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Partnerships driving diversity both ways in Maryland

Larger companies find benefits from helping smaller, minority-owned firms grow

(File)

(File)

Maryland companies have discovered that strategic partnerships between larger organizations and small, minority-owned businesses can yield benefits for both.

Last year, Open Works Baltimore, a nonprofit maker space for creative and small manufacturers, in partnership with PNC began talking with Ron Williams, who at the time was interim dean of the Coppin State University College of Business.

Will Holman, executive director of Open Works Baltimore, said Williams’ research about how informal businesses (many of which are not captured or reflected in official statistics) operate would be a natural fit for the nonprofit. Some of Williams’ research has involved walking communities with his students to understand better how businesses operate, Holman said.

Among Open Works’ missions is to help rebuild Baltimore’s manufacturing economy by providing low-cost access to tools, space, and professional advice. Holman said the hope was that Williams and his students could help Open Works staff understand and characterize the business activity going on at Open Works as it grew.

“From a broader perspective in Baltimore City, being a majority African-American city, it’s critical that we work intentionally to help African-American-owned businesses grow and thrive because they’re disproportionately underrepresented still in our business community,” Holman said. “And to help Baltimore thrive and grow, we’ve got to build wealth for all people, and it can’t be concentrated in the hands of a privileged few.”

Coppin State occupied several office spaces and sent four interns to Open Works in spring 2017. The interns took free safety classes and met at Open Works once a week to learn about the organization and to shadow staff members. In spring 2018, Open Works plans to host another set of interns from Coppin State.

“It’s been great. I think at all levels of our organization – our board, our staff, our teachers, our programming – we’re trying deeply and authentically trying to engage all types of folks to come in here and leverage this space to grow educationally, economically, culturally,” Holman said. “And so part of that is really intentionally reaching our hand out and inviting in and partnering with (historically black colleges and universities) HBCUs and community organizations and small nonprofits, and … Baltimore is very fortunate to have two of the country’s biggest and oldest HBCUs here. (The partnership) seemed like a natural way to reach new audiences and invite those folks into our space.”

PNC is underwriting Williams’ research project, a portion of which helps pay for the studio space at Open Works, and the bank has supported Open Works in other ways, Holman said. Last year, PNC supported Open Works’ business competition.

The EnterpRISE Venture Competition emphasized diversity and finding people who would not normally compete in such a competition. No business plan or prototype was necessary. Williams was one of the judges, who selected 20 pitches from those submitted. Each of those 20 gave the judges a three-minute pitch.

Ten of those contestants were selected to receive six weeks of free mentoring at Open Works. Topics included how to write a business plan and how to access credit, among others. The top two winners received a $10,000 and $5,000 investment, respectively. They also received six months of membership and studio space at Open Works. The three runners-up received $1,000 and six months of membership at Open Works.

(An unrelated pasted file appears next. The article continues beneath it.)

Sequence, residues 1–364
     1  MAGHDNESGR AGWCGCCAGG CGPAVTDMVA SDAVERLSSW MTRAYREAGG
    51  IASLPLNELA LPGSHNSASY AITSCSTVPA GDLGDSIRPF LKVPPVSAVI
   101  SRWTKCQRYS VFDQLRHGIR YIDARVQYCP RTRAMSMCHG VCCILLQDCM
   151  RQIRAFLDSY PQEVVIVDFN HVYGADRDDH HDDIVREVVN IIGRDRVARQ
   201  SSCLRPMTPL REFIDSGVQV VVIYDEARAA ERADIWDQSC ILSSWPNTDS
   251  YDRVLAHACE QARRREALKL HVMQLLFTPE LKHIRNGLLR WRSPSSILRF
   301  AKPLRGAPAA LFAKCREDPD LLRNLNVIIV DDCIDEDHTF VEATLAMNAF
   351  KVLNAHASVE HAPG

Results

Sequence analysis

Of those five winners, three were minority-owned businesses, and three were women-owned businesses.

PNC also provided technical assistance for the business competition. Bankers there volunteered to teach a workshop on how apply for capital loans. Holman said PNC, as a bank, provides loans to small businesses and, in the long run, small business formation and success is critical to PNC’s business.

PNC is one of many larger organizations who support women- and minority-owned business development. “Kaiser Permanente works to contribute to the economic health of our communities and reflect the diversity of the communities we serve,” said Scott Lusk, communications representative for Kaiser Permanente of the Mid-Atlantic States. “We work with many diverse suppliers and in 2016 Kaiser Permanente was named one of America’s Top Corporations for Women Business Enterprises by the Women’s Business Enterprise National Council. This recognition highlights our commitment to women-owned businesses, who are a key component of our supplier diversity program.”

The organization also values economic security because concerns about employment and finances can have health consequences. Last year, Kaiser Permanente, with CommonHealth ACTION, launched the Institute for Equitable Leadership, which was designed to connect businesses and nonprofits “to improve the health of Baltimore residents and encourage local leaders to develop leadership skills that are grounded in equity, diversity and inclusion,” according to a statement about the launch.

Members of the inaugural class included Baltimore Legal Action Team, which provides legal support to Baltimore communities protesting against racism and inequality; Chase Brexton Health Care, which provides health care and honors diversity; Dovecote Café, which connects community, food justice, and wellness; Intersection of Change, which provides programs to enrich the economic, social and spiritual lives of those dealing with poverty-related issues in and around Sandtown-Winchester; and New Lens, a youth-driven social justice organization.